I went to visit last summer, and what I found was startling. I stood just beyond a barbed-wire fence at about nine o’clock at night and watched as trucks dumped molten red heaps of radioactive refuse over the edge of what is fast becoming a mountain of waste. This dumping happened about every fifteen minutes, lighting up the night sky. Horses grazed in a field just a few dozen yards away, glowing in the radiating rays coming from the lava-like sludge. Rows of barley, for Budweiser beer, waved in the distance.
When phosphate ore is refined into elemental phosphorous, it leaves a radioactive by-product known as slag. Monsanto’s elemental phosphorous facility, situated just a few miles from its phosphate mines, produces prodigious quantities of slag that contains elevated concentrations of radioactive material. For years, this slag was actually sold to the town of Soda Springs and nearby Pocatello, and people built their homes and roadways out it. In the 1980s, however, the EPA conducted a radiological survey of the community and warned that citizens might be at risk from elevated gamma ray exposure. The study concluded that if business continued as usual in Soda Springs, within four decades “the probability of contracting cancer due to exposure from elemental phosphorous slag” would “be about one chance in 2,500 in Pocatello and one chance in 700 in Soda Springs.”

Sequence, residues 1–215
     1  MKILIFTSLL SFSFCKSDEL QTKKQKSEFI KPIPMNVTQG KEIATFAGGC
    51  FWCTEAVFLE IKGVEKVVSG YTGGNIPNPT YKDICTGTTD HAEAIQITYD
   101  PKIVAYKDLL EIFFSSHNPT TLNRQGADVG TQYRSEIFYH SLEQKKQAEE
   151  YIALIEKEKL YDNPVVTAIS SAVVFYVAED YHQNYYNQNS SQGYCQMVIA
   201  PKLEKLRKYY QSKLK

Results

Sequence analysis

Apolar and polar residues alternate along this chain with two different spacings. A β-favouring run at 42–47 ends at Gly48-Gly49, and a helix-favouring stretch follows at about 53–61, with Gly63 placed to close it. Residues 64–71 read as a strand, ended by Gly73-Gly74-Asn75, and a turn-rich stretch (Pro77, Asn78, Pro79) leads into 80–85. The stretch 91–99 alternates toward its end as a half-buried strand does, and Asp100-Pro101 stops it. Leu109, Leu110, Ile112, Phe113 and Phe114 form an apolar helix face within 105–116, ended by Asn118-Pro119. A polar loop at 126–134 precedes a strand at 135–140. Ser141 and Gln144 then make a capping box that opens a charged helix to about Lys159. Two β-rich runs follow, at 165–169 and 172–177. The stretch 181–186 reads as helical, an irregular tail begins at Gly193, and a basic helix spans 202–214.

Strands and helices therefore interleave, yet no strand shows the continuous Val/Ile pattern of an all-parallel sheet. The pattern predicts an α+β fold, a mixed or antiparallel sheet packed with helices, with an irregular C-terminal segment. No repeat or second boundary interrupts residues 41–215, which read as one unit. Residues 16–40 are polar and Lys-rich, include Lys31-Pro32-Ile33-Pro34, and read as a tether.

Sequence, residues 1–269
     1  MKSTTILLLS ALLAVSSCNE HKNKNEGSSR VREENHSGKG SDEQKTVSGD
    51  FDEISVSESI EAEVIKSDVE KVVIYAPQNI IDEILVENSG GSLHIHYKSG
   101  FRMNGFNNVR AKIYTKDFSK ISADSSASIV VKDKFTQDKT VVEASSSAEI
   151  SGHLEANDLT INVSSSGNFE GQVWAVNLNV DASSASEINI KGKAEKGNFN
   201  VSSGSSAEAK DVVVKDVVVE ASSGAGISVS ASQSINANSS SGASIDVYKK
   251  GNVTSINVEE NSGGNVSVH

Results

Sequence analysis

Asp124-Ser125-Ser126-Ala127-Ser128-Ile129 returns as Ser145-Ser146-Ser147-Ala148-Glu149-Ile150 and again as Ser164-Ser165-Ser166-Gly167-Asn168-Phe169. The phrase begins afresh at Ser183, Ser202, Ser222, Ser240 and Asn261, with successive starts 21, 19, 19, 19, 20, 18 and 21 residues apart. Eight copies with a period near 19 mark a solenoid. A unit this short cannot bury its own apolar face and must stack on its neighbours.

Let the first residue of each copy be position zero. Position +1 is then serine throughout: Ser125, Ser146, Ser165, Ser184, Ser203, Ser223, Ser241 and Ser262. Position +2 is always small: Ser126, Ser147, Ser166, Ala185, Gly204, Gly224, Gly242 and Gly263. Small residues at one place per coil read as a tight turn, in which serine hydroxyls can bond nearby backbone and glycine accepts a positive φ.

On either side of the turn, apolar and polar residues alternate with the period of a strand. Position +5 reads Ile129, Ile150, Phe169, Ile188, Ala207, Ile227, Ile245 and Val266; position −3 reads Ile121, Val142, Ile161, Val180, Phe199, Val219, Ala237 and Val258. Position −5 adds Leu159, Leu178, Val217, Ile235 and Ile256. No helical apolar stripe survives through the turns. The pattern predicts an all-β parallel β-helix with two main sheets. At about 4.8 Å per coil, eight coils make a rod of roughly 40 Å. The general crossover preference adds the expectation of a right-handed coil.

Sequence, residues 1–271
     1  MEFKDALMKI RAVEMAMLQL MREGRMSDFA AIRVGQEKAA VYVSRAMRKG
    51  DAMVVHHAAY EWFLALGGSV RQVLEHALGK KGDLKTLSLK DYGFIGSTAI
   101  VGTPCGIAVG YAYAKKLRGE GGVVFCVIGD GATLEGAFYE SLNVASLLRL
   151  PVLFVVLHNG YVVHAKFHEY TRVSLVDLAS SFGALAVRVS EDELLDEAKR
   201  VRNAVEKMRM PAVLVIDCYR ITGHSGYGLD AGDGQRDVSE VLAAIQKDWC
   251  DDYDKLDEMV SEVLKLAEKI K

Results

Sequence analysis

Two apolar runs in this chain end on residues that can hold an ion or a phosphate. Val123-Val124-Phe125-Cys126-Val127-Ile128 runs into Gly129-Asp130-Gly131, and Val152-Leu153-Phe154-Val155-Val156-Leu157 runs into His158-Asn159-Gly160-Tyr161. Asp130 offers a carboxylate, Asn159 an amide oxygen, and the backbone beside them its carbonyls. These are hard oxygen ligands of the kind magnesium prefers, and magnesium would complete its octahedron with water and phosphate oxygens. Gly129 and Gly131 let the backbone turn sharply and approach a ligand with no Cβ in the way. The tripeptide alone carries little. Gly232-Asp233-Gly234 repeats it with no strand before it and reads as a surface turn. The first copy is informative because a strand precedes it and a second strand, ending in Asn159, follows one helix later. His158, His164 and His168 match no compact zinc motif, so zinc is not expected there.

The EPA, facing serious pressure from Monsanto and community members who feared what this study might mean for property values, later agreed to submit the report for review, and ultimately recommended the initiation of new studies. In the meantime, the mayor of Soda Springs worked with the city council to ban the further sale of slag in the community.
I spoke with a radiological scientist who studied the slag issue in the area for many years, and he assured me that homeowners in Southeast Idaho are exposed to only small levels of gamma radiation that should not be harmful—currently the EPA’s official position.